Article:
In the midst of ASU's football game against the University of Southern California in early November, a fox ran onto the field. The game paused, the crowd was in awe, and it began trending on social media immediately, even before my friends at the game could send me their own photos of the fox.
Seeing the fox on the field reminded me of when I watched a cat run onto a baseball field in LoanDepot Park in Miami. Both the cat and the fox running onto their respective fields gave me similar feelings of sadness and guilt toward the animals.
As comical and interesting as it was, the fox running onto the field symbolizes something bigger. Humans have been taking over wildlife habitats for a long time now, so it was only a matter of time before an animal interfered with an urban environment.
According to Karen Bradshaw, a professor of law at the Sandra Day O'Connor College of Law who focuses on environmental law and has written a book on animal rights, people's coexistence with animals is crucial to the future of humans and animals alike.
"Our continued existence depends on theirs — biodiversity loss is a hidden crisis and one of the biggest threats to humanity. We are intertwined with every other living thing on earth," Bradshaw said.
Biodiversity loss occurs when there is a decrease in biodiversity within the earth and, according to Bradshaw, is one of our biggest threats to humanity. Biodiversity provides ecosystem functions that are vital and irreplaceable if lost, such as soil fertilization, tree pollination and erosion control to name a few. It is important for humans to both take care of and share space with wildlife to avoid furthering biodiversity loss.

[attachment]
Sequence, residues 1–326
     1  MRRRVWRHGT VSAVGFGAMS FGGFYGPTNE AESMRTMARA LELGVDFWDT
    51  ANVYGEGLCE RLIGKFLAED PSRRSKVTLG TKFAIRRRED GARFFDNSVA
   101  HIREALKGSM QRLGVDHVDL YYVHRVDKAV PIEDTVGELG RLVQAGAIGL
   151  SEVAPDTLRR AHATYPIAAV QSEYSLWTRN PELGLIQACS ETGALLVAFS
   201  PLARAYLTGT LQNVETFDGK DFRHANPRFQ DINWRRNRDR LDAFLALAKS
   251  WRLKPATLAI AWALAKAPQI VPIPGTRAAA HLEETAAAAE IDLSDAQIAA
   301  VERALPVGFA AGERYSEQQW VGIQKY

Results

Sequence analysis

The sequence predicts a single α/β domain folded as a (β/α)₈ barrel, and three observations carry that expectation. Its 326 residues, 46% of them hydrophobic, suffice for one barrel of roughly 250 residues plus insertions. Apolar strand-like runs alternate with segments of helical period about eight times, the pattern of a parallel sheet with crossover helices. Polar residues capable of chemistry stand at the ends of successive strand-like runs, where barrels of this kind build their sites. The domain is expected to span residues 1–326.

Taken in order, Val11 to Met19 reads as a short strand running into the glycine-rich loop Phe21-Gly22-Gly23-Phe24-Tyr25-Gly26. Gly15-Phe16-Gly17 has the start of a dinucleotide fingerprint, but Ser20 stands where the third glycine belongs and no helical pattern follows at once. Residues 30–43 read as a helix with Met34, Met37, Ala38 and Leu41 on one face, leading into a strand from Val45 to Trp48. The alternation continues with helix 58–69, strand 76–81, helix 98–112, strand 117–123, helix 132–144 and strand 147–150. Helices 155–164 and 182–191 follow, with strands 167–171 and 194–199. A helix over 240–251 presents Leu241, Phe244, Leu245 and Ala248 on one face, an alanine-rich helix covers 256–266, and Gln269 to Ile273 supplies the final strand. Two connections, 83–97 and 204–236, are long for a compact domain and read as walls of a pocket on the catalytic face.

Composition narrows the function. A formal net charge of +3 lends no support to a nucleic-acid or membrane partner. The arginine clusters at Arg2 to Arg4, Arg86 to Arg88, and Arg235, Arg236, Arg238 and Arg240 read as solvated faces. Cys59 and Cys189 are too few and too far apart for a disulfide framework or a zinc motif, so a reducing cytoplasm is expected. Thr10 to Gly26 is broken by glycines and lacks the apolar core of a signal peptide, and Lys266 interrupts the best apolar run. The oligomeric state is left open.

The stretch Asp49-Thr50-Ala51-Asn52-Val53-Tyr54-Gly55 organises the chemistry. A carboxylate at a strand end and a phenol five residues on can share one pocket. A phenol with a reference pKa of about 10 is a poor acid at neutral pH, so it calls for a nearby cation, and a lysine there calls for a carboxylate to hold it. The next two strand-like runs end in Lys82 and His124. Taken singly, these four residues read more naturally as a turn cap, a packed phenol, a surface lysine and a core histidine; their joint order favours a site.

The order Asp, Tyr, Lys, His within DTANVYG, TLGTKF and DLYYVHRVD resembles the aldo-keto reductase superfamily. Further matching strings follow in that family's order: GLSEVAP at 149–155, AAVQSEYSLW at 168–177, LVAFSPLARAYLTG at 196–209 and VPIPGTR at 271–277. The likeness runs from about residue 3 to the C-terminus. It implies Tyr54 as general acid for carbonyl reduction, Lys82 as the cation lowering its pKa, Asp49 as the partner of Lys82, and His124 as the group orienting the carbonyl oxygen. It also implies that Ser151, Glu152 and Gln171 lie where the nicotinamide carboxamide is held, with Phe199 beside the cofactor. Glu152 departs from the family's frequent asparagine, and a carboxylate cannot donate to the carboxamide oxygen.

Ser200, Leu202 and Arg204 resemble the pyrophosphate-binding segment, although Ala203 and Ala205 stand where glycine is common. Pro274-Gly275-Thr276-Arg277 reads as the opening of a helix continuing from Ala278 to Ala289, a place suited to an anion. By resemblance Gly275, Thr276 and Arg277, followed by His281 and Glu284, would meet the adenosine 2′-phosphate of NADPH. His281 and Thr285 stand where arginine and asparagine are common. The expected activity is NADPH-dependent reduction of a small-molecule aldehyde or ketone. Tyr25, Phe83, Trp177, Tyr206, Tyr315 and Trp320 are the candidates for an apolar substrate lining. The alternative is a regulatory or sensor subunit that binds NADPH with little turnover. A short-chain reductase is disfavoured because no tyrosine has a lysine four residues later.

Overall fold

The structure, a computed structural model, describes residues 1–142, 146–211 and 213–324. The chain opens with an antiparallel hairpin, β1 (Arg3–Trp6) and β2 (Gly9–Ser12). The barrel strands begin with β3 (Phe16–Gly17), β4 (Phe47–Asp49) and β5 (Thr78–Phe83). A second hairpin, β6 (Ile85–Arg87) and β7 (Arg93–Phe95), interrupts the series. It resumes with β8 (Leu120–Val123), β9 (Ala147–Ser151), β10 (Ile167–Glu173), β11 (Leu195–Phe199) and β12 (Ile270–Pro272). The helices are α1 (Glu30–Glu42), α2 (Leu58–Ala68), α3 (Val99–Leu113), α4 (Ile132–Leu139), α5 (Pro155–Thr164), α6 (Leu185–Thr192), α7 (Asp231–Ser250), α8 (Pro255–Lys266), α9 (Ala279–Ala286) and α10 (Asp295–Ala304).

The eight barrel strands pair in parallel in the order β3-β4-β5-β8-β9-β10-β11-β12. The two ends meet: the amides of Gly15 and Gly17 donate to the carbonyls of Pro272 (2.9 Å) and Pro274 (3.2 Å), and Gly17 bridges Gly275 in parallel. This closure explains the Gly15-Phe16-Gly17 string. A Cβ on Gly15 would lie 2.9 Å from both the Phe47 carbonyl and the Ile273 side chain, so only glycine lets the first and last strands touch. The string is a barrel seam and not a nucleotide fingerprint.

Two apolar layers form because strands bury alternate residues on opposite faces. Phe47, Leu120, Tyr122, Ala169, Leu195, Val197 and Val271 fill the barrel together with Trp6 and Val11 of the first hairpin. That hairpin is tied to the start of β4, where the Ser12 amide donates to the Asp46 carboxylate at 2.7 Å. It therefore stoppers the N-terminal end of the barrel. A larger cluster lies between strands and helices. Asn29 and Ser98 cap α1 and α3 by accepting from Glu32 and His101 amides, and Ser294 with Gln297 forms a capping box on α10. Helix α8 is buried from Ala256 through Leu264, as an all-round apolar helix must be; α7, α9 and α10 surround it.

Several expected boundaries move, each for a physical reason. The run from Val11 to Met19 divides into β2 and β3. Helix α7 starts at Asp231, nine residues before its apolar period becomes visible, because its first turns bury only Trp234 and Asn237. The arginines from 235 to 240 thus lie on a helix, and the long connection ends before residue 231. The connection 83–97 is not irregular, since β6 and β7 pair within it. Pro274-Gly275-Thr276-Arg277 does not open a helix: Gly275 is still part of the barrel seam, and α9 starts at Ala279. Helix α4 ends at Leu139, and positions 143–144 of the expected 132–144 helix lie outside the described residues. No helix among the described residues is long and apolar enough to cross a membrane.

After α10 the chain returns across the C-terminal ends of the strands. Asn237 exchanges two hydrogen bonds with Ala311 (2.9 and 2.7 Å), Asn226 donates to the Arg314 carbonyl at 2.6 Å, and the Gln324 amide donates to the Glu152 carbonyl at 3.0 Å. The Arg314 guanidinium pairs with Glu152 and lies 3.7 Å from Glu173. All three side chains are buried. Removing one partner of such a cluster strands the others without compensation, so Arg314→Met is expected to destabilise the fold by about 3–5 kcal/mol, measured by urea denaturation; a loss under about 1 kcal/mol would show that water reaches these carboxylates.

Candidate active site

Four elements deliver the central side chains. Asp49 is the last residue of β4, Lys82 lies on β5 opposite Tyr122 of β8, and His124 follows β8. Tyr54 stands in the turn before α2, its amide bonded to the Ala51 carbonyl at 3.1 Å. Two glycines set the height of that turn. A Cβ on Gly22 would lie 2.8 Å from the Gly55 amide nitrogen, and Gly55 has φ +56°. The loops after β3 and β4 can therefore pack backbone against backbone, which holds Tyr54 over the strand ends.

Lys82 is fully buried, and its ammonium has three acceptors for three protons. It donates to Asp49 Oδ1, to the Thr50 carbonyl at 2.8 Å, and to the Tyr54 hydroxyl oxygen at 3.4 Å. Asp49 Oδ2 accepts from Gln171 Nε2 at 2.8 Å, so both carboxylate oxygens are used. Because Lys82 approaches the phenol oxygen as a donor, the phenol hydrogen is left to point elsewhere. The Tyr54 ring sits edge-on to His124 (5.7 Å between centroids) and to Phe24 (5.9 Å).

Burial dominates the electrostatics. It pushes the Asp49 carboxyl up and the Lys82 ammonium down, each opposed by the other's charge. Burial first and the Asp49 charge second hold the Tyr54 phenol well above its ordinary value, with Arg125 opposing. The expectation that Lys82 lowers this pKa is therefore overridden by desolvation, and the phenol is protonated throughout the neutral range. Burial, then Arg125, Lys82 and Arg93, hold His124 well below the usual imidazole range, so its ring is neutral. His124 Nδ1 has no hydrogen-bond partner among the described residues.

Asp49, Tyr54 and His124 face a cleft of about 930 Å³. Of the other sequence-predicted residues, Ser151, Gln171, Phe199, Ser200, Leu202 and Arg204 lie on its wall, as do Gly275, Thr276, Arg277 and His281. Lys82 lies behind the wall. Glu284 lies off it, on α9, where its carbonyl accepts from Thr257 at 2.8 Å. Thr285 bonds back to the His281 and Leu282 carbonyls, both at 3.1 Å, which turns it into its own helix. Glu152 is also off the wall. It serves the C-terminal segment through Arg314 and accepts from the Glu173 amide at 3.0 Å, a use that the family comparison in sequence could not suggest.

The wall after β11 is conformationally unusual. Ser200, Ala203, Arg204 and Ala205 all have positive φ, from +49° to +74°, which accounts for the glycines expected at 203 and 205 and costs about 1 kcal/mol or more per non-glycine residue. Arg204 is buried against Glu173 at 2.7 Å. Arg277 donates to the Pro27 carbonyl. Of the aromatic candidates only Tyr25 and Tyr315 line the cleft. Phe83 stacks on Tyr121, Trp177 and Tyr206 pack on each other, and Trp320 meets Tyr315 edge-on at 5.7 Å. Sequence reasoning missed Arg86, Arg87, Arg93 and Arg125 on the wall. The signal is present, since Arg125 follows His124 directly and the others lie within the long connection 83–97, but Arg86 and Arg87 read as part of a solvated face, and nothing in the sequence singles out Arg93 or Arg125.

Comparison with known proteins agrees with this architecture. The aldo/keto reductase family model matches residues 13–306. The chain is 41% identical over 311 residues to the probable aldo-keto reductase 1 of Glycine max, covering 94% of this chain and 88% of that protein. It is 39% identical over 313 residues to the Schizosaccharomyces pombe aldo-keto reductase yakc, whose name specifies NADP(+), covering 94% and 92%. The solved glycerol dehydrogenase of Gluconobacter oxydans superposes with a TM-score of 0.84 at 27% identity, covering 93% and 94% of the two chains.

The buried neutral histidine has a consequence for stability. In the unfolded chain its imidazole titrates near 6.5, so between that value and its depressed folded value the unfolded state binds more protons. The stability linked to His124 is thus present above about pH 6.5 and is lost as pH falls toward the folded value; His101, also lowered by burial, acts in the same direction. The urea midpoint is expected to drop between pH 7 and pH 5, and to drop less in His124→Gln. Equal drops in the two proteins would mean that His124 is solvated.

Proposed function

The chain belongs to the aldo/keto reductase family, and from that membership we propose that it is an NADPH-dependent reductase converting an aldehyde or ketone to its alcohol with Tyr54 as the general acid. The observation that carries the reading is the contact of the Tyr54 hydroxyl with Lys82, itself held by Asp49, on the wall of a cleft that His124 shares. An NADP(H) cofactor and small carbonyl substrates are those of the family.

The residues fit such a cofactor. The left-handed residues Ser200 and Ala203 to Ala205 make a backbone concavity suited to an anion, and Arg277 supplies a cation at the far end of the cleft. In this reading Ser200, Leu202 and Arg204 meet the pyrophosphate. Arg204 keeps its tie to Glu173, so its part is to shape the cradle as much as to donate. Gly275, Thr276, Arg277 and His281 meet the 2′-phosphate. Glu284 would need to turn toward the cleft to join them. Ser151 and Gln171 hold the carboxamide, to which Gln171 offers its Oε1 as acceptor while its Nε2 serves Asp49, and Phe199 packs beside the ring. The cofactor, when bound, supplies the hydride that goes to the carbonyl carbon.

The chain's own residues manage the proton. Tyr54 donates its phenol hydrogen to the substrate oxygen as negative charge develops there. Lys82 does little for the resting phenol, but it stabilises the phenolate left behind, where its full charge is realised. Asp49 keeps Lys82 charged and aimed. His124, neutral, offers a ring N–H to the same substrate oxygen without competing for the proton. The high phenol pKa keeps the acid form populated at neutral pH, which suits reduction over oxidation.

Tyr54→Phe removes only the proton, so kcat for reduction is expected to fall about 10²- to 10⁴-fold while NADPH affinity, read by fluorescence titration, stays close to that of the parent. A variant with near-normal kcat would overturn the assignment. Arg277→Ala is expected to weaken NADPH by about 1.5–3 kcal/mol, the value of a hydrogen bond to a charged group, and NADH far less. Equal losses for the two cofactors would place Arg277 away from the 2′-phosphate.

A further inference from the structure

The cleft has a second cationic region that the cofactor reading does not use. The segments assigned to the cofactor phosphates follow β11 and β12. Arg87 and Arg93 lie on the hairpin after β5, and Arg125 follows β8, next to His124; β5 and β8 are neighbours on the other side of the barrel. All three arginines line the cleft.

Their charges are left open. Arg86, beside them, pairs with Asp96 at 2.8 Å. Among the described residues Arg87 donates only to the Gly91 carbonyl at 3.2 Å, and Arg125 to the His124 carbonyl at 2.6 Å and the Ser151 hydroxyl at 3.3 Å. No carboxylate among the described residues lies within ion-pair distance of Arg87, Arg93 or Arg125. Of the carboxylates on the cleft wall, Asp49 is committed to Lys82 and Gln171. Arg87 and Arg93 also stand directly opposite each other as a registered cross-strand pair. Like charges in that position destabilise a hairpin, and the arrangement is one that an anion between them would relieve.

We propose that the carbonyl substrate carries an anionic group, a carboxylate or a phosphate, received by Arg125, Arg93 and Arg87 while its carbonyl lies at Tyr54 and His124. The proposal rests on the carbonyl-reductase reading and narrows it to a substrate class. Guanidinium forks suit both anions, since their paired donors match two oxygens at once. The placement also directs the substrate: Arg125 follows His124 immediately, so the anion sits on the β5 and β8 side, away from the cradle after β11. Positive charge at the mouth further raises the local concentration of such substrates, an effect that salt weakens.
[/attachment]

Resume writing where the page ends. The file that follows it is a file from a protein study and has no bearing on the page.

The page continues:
"Perhaps the fox was a very public reminder that wildlife always coexists with humans, everywhere, even in the most human of spaces," Bradshaw said. "Maybe it was a symbolic invitation for current ASU students — who will become the future leaders in the state of Arizona — to consider a new way to understand our campus, community and world."
There are plenty of ways the ASU community can use its skills in innovation to develop creations where wildlife and people can share a common space. Bradshaw said she "would love to see public spaces at ASU transformed to practice and model cutting-edge environmental soundness," and believes that ASU students, staff and alumni have the brains and creativity to make positive strides in this direction.
Wildlife as we know it is constantly changing and moving as a result of human destruction, which is sad and unsettling, especially considering wildlife and biodiversity are necessary to keep the world going. Shrinking wildlife's space will continue to cause biodiversity loss, threatening humanity as we know it.
It is important for humans to grow and prosper, but not when we try to take the place of wildlife. Every animal and plant plays an important role on this planet and the damage we as humans are making to wildlife can't be erased. Right now is too late to completely fix the damage humans have caused, but it is better late than never to start at all.
Editor's note: The opinions presented in this column are the author's and do not imply any endorsement from The State Press or its editors.
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